The Data Protection Directive 1995/46/EC (full text available here, referred as Directive) (still) represents the most important EU legal regulation in the area of data protection. The European Court of Justice (the Court) had several opportunities to interpret the provisions of the Directive.
The mini series of articles gives an overview of the most important of these decisions. It has two parts. In this article, the focus is on decisions dealing with definitions of basic terms and on the applicability of the Directive. The purpose of an article is to introduce the main issues of the decision, not to give full summaries.
Case law about definitions
The first group of decisions is about definitions and interpretations of basic terms used in data protection. It includes terms like “personal data”, “processing of personal data” and “interference with personal life”.
In Case C-342/12, the Court dealt with the definition of personal data under Article 2(a) of the Directive. It held that a record of working time, containing the indication of the times when working hours begin and end, as well as the corresponding breaks and intervals, constitutes personal data.
In Case C-73/07, the Court had to interpret the term processing of data under Article 3(1) of the Directive. It held that the activity, in which data on the earned and unearned income and assets of a natural persons are collected, published, transferred and processed in a specific way, must be considered as the processing of personal data. However, if the sole object of those activities is the disclosure to the public, the processing is carried out ‘solely for journalistic purposes’. These activities are not limited to media undertakings and may be undertaken for profit-making purposes.
Another decision about the definition of the processing of data is the Case C-101/01. The Court held that the act of referring, on an internet page, to various persons and identifying them by name or by other means, for instance by giving their telephone number or information regarding their working conditions and hobbies, constitutes the processing of personal data. It had to deal with the issues whether processing for charitable or religious activities constitutes an exception under Article 3(2) of the Directive. Moreover, the Court analyzed the relationship between loading of personal data on the internet and “transfer [of data] to a third country” within the meaning of Article 25 of the Directive.
In Joined Cases C-468/10 and C-469/10, the Court interpreted Article 7(f) of the Directive, in which it set out two cumulative conditions that must be fulfilled, so that the processing of personal data is lawful, namely: first, the processing of the personal data must be necessary for the purposes of the legitimate interests pursued by the controller or by the third party or parties to whom the data are disclosed and, secondly, such interests must not be overridden by the fundamental rights and freedoms of the data subject.
In Joined Cases C-465/00, C-138/00 and C-139/01, the Court analyzed the term “interference with private life”. It held that while the mere recording by an employer of data by name relating to the remuneration paid to his employees cannot as such constitute an interference with private life, the communication of that data to third parties, including a public authority, infringes the right of the persons concerned to respect for private life. To establish the existence of such an interference, it does not matter whether the information communicated is of a sensitive character or whether the persons concerned have been inconvenienced in any way. It suffices to find that data relating to the remuneration received by an employee or pensioner have been communicated by the employer to a third party.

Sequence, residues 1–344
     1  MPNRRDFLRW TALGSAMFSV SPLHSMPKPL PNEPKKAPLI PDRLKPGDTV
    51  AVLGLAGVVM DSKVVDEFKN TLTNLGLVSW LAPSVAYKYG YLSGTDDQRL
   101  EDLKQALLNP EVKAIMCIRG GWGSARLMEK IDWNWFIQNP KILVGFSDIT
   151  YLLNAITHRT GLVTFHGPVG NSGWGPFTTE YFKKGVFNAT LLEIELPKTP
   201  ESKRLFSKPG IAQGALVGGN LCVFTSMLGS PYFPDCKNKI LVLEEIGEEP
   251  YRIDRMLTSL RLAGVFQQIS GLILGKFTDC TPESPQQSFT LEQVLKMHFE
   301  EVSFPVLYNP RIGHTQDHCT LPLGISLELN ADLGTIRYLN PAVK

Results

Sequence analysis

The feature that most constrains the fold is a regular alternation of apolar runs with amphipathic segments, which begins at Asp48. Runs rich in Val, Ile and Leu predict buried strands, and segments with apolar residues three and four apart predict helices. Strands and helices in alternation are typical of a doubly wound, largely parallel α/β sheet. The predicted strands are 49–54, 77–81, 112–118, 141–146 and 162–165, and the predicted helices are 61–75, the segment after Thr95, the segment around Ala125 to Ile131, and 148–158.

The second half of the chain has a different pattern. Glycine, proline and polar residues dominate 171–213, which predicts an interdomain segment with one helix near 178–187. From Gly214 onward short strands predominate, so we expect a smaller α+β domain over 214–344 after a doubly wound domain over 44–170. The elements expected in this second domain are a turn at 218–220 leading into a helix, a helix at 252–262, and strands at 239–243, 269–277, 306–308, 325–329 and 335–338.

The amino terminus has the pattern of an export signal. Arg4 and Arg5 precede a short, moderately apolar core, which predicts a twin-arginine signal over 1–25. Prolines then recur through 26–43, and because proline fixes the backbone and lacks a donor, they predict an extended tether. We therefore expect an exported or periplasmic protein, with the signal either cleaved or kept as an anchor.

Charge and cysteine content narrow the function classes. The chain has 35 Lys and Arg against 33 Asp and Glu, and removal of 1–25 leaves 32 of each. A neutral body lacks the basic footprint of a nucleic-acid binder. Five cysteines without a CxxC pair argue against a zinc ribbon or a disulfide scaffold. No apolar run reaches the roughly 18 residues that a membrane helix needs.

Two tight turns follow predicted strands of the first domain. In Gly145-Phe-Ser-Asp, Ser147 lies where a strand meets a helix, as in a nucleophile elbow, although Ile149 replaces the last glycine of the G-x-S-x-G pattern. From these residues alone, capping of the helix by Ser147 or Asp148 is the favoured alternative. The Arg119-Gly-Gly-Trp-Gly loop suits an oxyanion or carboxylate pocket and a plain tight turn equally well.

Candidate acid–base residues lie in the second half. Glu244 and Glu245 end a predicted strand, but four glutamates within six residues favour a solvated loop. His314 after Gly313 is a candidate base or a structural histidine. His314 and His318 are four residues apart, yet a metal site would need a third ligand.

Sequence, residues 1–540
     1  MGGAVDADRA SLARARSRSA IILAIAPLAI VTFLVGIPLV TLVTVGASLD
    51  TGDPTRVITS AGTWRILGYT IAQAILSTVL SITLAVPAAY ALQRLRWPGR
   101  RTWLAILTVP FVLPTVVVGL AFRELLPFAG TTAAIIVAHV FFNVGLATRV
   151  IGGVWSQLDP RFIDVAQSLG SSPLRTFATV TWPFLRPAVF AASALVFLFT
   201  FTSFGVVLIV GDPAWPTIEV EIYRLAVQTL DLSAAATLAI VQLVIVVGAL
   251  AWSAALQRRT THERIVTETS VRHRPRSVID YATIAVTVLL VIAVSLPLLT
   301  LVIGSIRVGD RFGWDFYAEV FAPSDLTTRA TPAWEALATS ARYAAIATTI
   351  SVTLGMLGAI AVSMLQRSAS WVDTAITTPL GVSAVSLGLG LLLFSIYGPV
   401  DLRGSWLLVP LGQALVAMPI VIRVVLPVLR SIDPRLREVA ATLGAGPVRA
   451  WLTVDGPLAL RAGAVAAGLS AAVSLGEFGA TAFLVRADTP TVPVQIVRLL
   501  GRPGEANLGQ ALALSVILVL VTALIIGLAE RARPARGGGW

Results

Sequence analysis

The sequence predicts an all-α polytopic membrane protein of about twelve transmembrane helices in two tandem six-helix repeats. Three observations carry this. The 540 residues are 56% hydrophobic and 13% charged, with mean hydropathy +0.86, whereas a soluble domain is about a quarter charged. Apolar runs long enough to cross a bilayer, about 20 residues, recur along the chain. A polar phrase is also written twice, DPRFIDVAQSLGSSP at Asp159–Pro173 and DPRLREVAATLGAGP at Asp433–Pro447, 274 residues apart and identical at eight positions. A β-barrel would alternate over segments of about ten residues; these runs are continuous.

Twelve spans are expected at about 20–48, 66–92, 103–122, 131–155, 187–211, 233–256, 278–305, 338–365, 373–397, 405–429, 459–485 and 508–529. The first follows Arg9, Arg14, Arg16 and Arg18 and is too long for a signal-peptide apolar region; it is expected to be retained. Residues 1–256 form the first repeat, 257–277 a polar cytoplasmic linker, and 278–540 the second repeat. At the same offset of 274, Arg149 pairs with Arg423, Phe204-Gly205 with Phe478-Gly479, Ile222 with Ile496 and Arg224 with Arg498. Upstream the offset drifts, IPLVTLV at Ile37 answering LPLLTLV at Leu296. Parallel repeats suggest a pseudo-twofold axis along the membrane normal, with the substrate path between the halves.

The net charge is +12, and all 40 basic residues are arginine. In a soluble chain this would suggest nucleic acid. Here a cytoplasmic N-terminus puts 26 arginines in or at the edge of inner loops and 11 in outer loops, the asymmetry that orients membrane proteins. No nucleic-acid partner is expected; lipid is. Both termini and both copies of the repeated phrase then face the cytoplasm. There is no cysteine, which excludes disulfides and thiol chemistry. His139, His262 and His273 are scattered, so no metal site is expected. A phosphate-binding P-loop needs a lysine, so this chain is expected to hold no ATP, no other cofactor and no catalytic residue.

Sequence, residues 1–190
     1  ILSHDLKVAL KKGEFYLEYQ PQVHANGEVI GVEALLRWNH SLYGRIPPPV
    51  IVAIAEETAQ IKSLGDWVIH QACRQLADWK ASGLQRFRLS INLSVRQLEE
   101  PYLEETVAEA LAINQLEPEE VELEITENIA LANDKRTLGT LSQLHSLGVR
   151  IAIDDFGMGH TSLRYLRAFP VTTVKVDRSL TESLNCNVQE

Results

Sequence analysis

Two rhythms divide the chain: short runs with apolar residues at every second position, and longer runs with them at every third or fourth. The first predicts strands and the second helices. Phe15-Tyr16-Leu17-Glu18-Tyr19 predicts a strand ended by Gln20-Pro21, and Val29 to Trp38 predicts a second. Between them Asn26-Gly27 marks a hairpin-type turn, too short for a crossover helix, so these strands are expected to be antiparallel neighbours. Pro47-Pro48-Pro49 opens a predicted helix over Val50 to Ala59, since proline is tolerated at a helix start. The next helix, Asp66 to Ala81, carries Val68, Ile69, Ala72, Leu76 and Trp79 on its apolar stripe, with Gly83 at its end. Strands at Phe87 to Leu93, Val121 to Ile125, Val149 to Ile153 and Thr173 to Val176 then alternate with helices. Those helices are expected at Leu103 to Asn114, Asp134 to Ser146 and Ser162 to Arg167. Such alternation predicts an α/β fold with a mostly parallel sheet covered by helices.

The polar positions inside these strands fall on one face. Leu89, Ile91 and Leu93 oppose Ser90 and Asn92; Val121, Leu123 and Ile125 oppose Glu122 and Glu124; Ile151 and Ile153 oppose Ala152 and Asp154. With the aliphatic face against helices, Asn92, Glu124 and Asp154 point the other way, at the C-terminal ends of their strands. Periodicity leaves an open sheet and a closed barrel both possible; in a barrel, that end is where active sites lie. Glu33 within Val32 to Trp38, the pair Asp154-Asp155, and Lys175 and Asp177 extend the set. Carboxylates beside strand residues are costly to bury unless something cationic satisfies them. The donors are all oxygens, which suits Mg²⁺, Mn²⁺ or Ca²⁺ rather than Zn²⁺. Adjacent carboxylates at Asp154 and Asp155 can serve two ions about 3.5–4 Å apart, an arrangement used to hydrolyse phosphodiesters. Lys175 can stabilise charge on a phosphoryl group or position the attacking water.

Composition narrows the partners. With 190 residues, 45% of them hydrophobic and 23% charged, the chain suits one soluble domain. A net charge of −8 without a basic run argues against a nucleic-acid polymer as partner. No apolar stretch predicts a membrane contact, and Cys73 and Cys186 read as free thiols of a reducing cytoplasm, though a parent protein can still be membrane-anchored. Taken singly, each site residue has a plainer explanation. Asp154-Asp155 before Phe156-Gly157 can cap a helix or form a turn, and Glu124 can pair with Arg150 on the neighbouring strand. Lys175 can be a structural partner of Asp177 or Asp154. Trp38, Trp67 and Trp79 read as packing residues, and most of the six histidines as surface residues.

Finally, in Joined Cases C-92/09 a C-93/09, the Court addressed the issue of the range of persons protected by data protection laws. The basic issue was about the protection of legal persons. The right to respect a private life of an individual covers any information relating to an identified or identifiable individual. Therefore, the Court held that legal persons can claim the protection only in so far as the official title of the legal person identifies one or more natural persons. That is the case where the official title of a partnership directly identifies natural persons who are its partners.
Case law on direct applicability of the Directive
In several cases, the Court dealt with the issue of the direct applicability of the provisions from the Directive.
In Joined Cases C-465/00, C-138/00 and C-139/01, the Court noted that Articles 6(1)(c) and 7(c) and (e) of the Directive are directly applicable, in that they may be relied on by an individual before the national courts to oust the application of rules of national law which are contrary to those provisions. Those provisions are sufficiently precise to be relied on by individuals.
Similarly, the Court held in Joined Cases C-468/10 and C-469/10, that Article 7(f) of the Directive appears, so far as their subject-matter is concerned, to be unconditional and sufficiently precise. That´s why, it may be relied on before the national courts by individuals against the State, where the latter has failed to implement the Directive in domestic law by the end of the period prescribed or where it has failed to implement that directive correctly.
In the Part II
The next part focuses on the case law about the exceptions from the prohibition of personal data processing, time period required for data storage, legality of data processing or a cross-border transfer of data.